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The loftily named Working Mechanism for Consultation and Coordination on India-China Border Affairs has met four times since the Chinese initiated Ladakh crisis on 19 April 2020. The respective Corps Commanders have met five times, and are likely to meet again; lower down the military chain, Division and Brigade Commanders many times more. The two Special Representatives, as well as the Foreign Ministers, spoke at least a couple of times. None of these interactions have had any influence on the Chinese leadership to restore the boundary status quo as it existed in April 2020. This, thus, means there is only one option–non-military option left.

Prime Minister Narendra Modi has met Chinese President Xi Jinping 18 times since 2014; more interactions than he has had with any other foreign leader. The effusive warmth displayed during the meetings, whether on a swing in Ahmedabad; in Wuhan or last in Mahabalipuram less than a year ago would no doubt have given him a greater insight into the thinking that has gone behind the 2020 Chinese intrusions. India can benefit from his multiple meetings, but for as things stand, Chinese troops have made no signs of withdrawing to their original positions. New Delhi’s hyperactive spin doctors sought to convince Indians that disengagement was underway. But it never happened.

The Government of India has tried to sway Indian thinking into believing ‘all is well’. But it isn’t, and nobody knows that more than the people on the ground. Former J&K Minister for Cooperatives and Ladakh Affairs, Chering Dorjay, has declared that unless India restored status quo ‘there will no end’ to China occupying more land. He was the president of Ladakh BJP until recently. Ladakhi shepherds have been complaining about grazing lands having shrunk. Clearly pointing to a very disquieting feature of Indian governance, wherein perceptions on the ground are at stark variance with how the government would like the country at large to believe.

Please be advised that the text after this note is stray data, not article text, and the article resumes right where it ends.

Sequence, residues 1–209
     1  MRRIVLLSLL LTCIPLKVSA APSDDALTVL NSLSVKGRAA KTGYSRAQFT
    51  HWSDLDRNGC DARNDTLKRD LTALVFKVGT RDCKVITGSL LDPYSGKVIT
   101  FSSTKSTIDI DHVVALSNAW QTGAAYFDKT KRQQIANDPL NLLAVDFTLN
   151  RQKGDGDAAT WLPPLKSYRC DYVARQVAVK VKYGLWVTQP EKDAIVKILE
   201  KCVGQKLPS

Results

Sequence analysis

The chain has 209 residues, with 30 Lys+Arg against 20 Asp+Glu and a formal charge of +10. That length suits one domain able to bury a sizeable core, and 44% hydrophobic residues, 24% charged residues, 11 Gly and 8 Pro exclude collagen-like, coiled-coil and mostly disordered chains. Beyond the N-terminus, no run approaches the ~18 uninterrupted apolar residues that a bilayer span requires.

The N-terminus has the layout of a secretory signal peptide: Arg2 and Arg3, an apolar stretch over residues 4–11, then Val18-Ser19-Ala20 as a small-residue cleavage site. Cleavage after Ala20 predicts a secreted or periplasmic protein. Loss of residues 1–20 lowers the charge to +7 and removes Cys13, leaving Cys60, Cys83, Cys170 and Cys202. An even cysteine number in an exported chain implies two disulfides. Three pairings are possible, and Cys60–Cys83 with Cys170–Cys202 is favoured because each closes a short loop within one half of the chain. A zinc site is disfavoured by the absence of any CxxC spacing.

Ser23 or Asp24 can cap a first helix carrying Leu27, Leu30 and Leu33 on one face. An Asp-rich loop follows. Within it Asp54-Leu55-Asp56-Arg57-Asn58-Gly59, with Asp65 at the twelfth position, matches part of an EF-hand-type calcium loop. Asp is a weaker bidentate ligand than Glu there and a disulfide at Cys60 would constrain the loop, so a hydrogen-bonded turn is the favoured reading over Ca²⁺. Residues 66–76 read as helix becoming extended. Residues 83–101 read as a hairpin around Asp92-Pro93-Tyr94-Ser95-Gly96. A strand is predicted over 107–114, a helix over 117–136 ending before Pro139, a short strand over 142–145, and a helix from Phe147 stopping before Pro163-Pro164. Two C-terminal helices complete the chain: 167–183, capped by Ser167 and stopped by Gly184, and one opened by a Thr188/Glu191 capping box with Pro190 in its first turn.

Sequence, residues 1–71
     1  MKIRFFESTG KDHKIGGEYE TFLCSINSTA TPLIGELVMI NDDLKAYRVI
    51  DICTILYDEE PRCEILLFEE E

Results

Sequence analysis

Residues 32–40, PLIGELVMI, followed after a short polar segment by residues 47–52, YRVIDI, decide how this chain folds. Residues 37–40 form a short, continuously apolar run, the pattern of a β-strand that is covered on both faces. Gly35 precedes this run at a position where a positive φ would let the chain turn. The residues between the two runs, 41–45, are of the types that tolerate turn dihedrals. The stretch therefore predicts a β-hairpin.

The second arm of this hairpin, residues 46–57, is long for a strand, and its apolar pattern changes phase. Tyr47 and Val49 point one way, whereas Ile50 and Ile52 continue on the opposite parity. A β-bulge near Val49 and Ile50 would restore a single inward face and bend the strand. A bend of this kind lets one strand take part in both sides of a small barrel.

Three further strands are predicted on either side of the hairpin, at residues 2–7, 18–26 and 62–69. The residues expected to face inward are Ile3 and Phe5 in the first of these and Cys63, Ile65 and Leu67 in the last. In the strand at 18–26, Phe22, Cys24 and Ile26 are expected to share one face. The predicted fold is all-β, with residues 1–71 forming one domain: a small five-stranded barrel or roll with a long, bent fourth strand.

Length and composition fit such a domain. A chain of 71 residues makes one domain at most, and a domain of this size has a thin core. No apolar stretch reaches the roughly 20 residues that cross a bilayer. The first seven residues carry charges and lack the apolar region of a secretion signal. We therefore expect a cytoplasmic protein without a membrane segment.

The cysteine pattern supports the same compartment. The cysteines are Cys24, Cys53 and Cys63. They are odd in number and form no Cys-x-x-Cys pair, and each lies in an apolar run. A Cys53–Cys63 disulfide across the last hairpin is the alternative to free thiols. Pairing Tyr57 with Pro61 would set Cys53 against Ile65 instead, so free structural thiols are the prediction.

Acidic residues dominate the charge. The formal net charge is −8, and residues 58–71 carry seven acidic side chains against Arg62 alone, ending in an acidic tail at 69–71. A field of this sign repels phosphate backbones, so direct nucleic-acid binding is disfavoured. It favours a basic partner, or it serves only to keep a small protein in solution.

Intrusions have been caused by Chinese troops violating an understood principle on border management. The intrusions can only be evicted when the Chinese withdraw to original positions. They can’t be ousted by making India believe there is no crisis, for there is a severe calamity facing the country, and it can’t be brushed under the carpet, even if the PM is chary of naming China. The catastrophe is multitudinous, from the local to the larger military message of not retaliating, regional to the international suggestion that India doesn’t have the stomach to fight for its land, and the most important of all, New Delhi is more keen on a spin than a lasting solution.

When transparency has taken a toss, and India responded along predicted ways, China will sit as it had long planned, for 18 meetings have indicated to Beijing that the Government of India believes it is the fount of all knowledge, and nothing preceded it. Wangdung, Sumdorong Chu, 1986, Exercise Falcon and Exercise Chequerboard are essentials of inherited military knowledge. But in the current scheme of things, inheritance is selective, just as information dissemination is also discriminatory. As a result this will be the first government in independent India to give up its land without putting up a fight.

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